Guest Blog Post from Design Team Member Terri Ayers
Comments in italics by Deb
Fun with Foils!
Foil adds such a shiny and glamorous touch to your art projects and come in a wide range of colors. I recall visiting a home in the Parade of Homes this year and seeing a fun wall piece that used a quote that was foiled. Certainly classy home décor pieces can be acquired with the foiling process as well as adding a lovely touch of bling without the mess of glitter. (glitter is fun but not always practical)
I have been intrigued by what can be done with foils and have seen a few how-to videos and been curious to try my hand at experimenting with them. Opening up the treat bag for November was a fun surprise to see 3 different brands of foil and some adhesive to experiment with. I also had some supplies on hand to try things with as well as making a $20 purchase of a budget laminator.
Foils are a thin film that can be adhered to paper or objects by adhesive, pressure or heat pressure application. I used most of my applications on Neenah white cardstock and tried to apply the Pavelka foil to a slab of Sculpey clay, (which did not work for me at this trial.) I will credit YouTube videos of Lisa McGuire Ink for some of the application methods. Other methods were my trials of various adhesives on hand.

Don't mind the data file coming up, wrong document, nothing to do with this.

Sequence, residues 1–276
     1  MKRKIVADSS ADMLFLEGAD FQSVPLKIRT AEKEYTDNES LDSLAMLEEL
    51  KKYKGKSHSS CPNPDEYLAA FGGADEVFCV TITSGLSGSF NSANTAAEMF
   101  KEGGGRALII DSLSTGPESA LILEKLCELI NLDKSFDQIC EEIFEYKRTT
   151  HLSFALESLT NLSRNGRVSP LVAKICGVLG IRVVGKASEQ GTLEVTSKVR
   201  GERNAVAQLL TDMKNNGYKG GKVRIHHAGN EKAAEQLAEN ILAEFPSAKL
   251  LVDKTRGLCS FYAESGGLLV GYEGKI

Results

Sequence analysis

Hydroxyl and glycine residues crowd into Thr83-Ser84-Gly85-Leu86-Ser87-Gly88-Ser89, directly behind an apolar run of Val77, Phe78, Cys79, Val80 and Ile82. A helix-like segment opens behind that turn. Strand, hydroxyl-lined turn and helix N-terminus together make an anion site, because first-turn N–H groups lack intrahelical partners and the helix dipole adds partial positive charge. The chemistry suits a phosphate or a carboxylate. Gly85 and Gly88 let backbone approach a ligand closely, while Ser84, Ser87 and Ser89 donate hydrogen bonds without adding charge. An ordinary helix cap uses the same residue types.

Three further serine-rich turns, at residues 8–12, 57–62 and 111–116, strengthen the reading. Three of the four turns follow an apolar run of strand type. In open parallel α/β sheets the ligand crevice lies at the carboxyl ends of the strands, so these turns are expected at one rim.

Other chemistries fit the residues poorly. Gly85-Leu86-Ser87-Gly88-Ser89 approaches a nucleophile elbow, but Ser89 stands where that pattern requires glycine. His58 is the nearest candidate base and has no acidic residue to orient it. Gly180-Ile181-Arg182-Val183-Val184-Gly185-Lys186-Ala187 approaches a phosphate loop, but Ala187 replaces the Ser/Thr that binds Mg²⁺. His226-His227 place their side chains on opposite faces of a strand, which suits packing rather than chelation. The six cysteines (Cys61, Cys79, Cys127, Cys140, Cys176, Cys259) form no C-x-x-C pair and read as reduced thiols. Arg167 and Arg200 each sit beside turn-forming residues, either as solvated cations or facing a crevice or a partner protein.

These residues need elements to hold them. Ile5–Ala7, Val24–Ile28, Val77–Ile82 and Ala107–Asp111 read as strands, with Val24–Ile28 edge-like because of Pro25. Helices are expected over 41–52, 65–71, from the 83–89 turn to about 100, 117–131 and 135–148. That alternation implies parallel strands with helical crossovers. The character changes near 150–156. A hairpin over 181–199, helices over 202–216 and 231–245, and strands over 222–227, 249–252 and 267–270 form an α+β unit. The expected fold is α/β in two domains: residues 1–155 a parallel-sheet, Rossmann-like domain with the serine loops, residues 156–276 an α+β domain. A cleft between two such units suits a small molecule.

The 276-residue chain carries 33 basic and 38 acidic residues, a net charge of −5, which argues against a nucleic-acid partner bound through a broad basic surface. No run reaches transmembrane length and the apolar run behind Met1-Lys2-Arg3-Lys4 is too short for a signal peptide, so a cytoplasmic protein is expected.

The 3 brands of foil used were Deco Foil, Lisa Pavelka and ClearSnap Designer Foil and I received Scotch Adhesive Dot Roller. For all techniques please put the pretty shiny side up (where you can still see it) when doing your project (yep – this is the #1 mistake people make, putting the shiny side down instead of up).
The additional products in my personal stash used were: Zig 2 way adhesive glue pen, VersaMark stamp pad, Stampendous clear embossing powder, Stampin Up Heat & Stick Powder (Ranger has one also) and some Framelit dies.
Cold adhesive techniques
An easy method was to use the adhesive dot roller on paper. Then simply press the foil over the top and rub with your finger and quickly lift the tape off pulling away from you. It’s just like ripping off a band-aid, only painless! This leaves a dotted decorative strip of bling. Another similar method was to use a strip adhesive. This gives a slightly raised look and feel to the project. I also found the glue pen very easy to use. I could draw a swirl or leaf and stem and let it dry about 30 seconds. Then I placed, pressed, rubbed and lifted the foil. I did try this with regular liquid glue. It worked but was a longer and messier process. You have to wait until the glue is nearly dry yet still tacky and use a small amount of glue (not my fave method).
The glue activated powders work for foiling. First use Versamark to stamp an image then apply the heat powder to the stamped area. Shake off the extra powder and use a heat tool to just melt the glue powder (just a very short time). Then quickly apply the foil while it is still warm and press, rub and peel. Voila!
Embossing powder technique using the laminator. Note on the laminator: I let it heat up about 10 minutes to get it nice and warm.